It is often incredibly important to recognize when you have employees that go above and beyond their normally required work. Additionally, if you have employees that have started to take on additional roles so regularly that you might think that they are just doing their job, it’s probably time to consider giving them more money. Responsibilities can also increase as a company matures. Just ensure that you aren’t asking people to take on more for the same amount of money.

Employees are Leaving for Similar Jobs With Higher Salaries

Occasionally employees find positions that are better suited for them with another company, and there is just nothing that you can do. While these moves are often out of your control, be mindful of why they are leaving. If employees regularly reference better pay in their exit interviews, it may be time to roll out the raises.

Salary can be a complicated issue to negotiate for employees. Hopefully, considering some of these factors can help make that decision easier for you to manage.

 

For more employer tips, check out Why Are Employees Quitting?

employee retention

How Important is Salary for Employee Retention?

The cost of replacing current employees is astronomical when you factor in the time it takes to hire and train them. As well as, the time associated with hiring and training new employees. Considering these costs, it is difficult to fathom why not all employers are laser focused on employee retention.

If you have an employee that’s about to walk out the door, should you offer them more money to avoid those costs? It is important to understand just how important salary is to maintain your workforce.

The Gap in Understanding Employee Retention

Polling shows that around 75% of employees that left a position did so for reasons other than pay. However,  90% of managers believe that money is the driving factor behind employee loss. In reality,  if employees don’t feel good about the environment that they are in, or the work that they are doing, no amount of pay can keep them in your office. Studies suggest that appreciation for their work was the single most important factor, followed by their relationships with coworkers.

Fostering Employees

While pay is often a tangible method of showing employees that you appreciate them, many don’t feel that it is important as regular feedback and praise when they have done something positive. Rather than simply look to increase employee pay, many companies choose to offer other incentives for great employees.

Additionally, making sure to help employees maintain positive work environments with their coworkers can pay great dividends. These can be simple group presentations or activities, breaks or quarterly lunches together. Simply making sure that you understand your employees’ needs, and then taking concrete steps to improve the work environment for them can lead to higher overall retention.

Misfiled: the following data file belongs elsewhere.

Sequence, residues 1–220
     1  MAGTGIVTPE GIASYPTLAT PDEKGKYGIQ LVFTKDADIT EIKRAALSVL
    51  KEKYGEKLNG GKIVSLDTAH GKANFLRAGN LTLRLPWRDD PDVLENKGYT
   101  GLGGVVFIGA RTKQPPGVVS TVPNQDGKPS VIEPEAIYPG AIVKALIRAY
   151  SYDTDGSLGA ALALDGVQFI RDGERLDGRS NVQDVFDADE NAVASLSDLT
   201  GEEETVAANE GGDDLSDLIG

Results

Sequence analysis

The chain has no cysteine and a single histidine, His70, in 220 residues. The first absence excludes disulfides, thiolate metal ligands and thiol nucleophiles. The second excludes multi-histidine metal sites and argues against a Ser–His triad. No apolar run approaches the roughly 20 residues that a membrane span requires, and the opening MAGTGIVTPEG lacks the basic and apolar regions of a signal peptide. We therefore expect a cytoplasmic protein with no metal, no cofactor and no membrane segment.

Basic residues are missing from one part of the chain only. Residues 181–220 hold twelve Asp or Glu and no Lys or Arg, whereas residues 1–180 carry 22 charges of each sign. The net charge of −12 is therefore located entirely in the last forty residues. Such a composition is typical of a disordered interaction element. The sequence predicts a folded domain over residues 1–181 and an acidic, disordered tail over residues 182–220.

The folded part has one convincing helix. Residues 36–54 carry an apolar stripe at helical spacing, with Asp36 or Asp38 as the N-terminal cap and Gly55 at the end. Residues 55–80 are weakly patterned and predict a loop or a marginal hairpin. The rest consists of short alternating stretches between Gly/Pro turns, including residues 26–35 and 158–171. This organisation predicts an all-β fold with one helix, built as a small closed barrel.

Present the Ladder

Over time, many employees will want to grow their own skills and take on increasingly difficult tasks for the company. Introducing a plan for employees to climb the ladder within the company can lead to motivated staff that works hard to understand all aspects of your business. You can also be sure that when your internal employees receive promotions, that they will be ready to hit the ground running.

If you want to increase your employee retention, it is important to look beyond the paycheck and find out what really matters to your staff.

 

For more employee retention tips, check out Keep Your Employees from Fleeing to Competitors

 

executives

Executives That are Out of Touch

Many employees have worked for a really difficult, or just plain terrible, boss at some point in their career. It may be difficult to immediately identify that there is an issue, but over time, it becomes clear that you are working for executives who are out of touch. If you can identify these issues more quickly, you can help to protect yourself, your position, and the organization with proper planning and understanding. Here are some of the biggest signs that your boss isn’t in touch with what’s going on around them.

Executives Who Lack Focus

Every employee within an organization has a lot to balance in their day-to-day work. Supervisors can either help to streamline this work, or can sometimes act as a huge roadblock. Executives who are called on to make decisions in periods of stress fall into one of two categories: those who know, and those who have no clue. If someone cannot balance and track the different activities of the organization, then it may be a sign that they lack in an ability to help you get your work done.

Executives Who Block the Energy

Good managers know that their employees are their biggest asset. The best bosses find ways to clear hurdles so that their team can push ahead with important projects. Some executives reverse this and feel that they need to make all the key decisions. This mentality can stop projects in their tracks, or remove the creative energy from their teams.

Executives Who Micromanage

Micromanaging is a common practice of many inexperienced or incompetent executives. Rather than give you the tools to do your job, they look for ways to tweak everything that you do. This steals your ability to effectively do your job and results in frustrated employees that are constantly having to relearn how to do their own jobs.

Executives Who Run Out of Ideas

Good managers are always thinking of new problems to solve and better ways to streamline their teams. As time goes on, executives may lose interest or excitement and stop putting the energy into that position. If the status quo becomes your daily life, you may be witnessing an out of touch boss.

 

To learn more, check out: 3 Job Search Red Flags